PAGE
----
The handbrake is operated by fingertip (the switch is logically sited immediately behind the gearlever) while all your infotainment needs are managed via the crisp screen set top-dead-centre of the fascia part of the optional 1,200 all-singing, all-dancing Navi 950 IntelliLink system. Windows are deep and visibility fine in all directions which makes reversing and parking without the help of a rear-view camera or audible sensors easy enough.

Upholstered in an embossed fabric that will temper the heat of summer as well as the chill of winter, the front seats are well padded and pleasantly bolstered numerous long trips during our week-long test didn't throw up a single grumble (and we'd be the first to complain!). They also benefit from being set high off the floor so lower leg comfort is also good, with the secondary advantage of making it easy to get in and out.

Another hidden 'plus' is the extra storage solutions incorporated into their bases: a storage box under the driver's seat; and a large pull-out tray secreted beneath the front passenger seat. More 'flex' is present is the form of a three-tier FlexRail centre console system incorporating a sliding tray/cupholder with a big sliding centre storage module topped with an armrest.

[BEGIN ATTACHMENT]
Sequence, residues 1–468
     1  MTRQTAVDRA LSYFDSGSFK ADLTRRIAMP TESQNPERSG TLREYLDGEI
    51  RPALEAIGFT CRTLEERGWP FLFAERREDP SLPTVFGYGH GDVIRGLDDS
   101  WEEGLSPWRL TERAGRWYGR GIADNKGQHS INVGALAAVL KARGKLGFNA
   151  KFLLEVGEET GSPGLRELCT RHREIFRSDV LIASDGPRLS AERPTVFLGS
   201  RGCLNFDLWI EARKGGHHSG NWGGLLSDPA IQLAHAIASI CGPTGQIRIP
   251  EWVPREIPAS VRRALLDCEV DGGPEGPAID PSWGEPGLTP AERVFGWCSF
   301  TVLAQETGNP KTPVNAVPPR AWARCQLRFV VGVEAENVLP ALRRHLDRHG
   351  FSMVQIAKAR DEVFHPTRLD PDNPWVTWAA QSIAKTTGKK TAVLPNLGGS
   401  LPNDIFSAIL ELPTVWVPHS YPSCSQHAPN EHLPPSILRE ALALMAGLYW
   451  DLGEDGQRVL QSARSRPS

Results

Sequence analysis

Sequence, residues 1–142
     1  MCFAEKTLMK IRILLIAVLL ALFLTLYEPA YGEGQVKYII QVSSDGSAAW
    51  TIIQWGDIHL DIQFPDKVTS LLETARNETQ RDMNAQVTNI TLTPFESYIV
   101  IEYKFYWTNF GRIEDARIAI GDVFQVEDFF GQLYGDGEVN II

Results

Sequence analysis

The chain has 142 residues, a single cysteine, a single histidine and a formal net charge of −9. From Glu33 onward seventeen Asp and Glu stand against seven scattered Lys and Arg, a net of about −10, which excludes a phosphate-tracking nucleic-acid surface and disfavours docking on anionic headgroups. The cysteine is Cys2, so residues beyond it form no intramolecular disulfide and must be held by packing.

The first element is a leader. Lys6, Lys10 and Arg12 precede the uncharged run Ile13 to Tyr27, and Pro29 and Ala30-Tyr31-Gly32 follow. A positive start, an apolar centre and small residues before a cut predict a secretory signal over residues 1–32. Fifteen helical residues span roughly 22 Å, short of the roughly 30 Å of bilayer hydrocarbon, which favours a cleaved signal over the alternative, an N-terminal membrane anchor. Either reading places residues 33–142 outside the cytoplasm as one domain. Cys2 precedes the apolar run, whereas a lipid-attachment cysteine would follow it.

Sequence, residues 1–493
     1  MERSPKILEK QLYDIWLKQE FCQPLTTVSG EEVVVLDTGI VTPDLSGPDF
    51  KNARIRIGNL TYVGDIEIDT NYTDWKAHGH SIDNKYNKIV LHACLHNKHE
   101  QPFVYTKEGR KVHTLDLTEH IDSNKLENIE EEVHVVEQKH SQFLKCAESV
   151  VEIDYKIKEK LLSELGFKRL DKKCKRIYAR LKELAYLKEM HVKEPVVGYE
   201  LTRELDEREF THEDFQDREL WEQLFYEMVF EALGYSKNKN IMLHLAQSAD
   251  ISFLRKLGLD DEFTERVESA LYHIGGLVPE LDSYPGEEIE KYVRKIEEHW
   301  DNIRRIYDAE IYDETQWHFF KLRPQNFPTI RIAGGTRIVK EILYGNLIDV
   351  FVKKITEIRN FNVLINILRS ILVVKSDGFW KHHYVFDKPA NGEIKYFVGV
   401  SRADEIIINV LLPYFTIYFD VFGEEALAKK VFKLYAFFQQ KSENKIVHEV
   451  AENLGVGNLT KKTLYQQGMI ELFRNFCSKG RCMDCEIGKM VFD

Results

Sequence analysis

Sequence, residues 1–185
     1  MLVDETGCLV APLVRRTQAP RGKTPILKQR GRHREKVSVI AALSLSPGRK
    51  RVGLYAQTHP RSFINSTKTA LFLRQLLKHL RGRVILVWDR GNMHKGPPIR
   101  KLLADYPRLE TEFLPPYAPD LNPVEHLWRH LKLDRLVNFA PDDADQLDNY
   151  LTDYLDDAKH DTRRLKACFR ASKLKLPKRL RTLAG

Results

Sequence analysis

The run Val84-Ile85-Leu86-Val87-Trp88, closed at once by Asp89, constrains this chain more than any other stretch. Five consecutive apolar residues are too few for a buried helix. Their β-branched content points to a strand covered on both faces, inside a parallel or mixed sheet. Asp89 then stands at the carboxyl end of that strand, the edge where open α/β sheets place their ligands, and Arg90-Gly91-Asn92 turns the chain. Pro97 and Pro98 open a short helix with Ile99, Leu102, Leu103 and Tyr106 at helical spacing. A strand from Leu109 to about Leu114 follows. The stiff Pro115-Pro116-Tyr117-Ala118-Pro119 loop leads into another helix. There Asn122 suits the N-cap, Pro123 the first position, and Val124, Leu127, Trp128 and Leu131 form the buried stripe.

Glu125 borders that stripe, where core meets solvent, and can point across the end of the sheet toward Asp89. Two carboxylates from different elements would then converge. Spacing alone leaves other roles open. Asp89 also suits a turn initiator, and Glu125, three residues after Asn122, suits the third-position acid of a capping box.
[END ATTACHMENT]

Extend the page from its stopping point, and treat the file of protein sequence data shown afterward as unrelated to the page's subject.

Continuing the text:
“A two-level boot
maximises load height
at its lowest setting or,
in its uppermost position,
merges the boot floor
seamlessly with the
folded rear seats to
create a long,
flat and easily loaded
cargo hold...
Living with the Meriva is no hardship at all; it comes fitted with all the essentials such as power windows (all one-shot up/down) and heated door mirrors, AirCon, cruise control, ambient lighting, CD/MP3 CD player/stereo radio with USB/iPod connection and aux-in socket, Bluetooth, multifunction trip computer, dark-tinted rear windows and, as already mentioned, a panoramic glass roof with an opaque power-operated sunshade and a straightforward electric parking brake.

There's also plenty of safety kit on board including twin front airbags, front side-impact bags and full-size curtain airbags along with an Electronic Stability Programme, tyre pressure monitoring and a 'seatbelt unfastened' warning light covering the rear seats most likely to be carrying youngsters who, as we all know, have a tendency to unbuckle when they think Mum's not watching. A five-star safety rating can also be taken for granted.

Versatile mini-MPVs like the Meriva are not only popular with small families, for whom their ability to effortlessly cover term-time school-run duties as easily as deliver up half-term holiday transport for the whole tribe is a major appeal, but equally so with drivers not encumbered with growing kids but who also need some 'flex' in their recreational lives for instance, carrying sports-themed equipment. Triathalon-types might also appreciate the Meriva's (optional) integrated FlexFix bike carrier that, when duty calls, slides niftily from out of the rear bumper.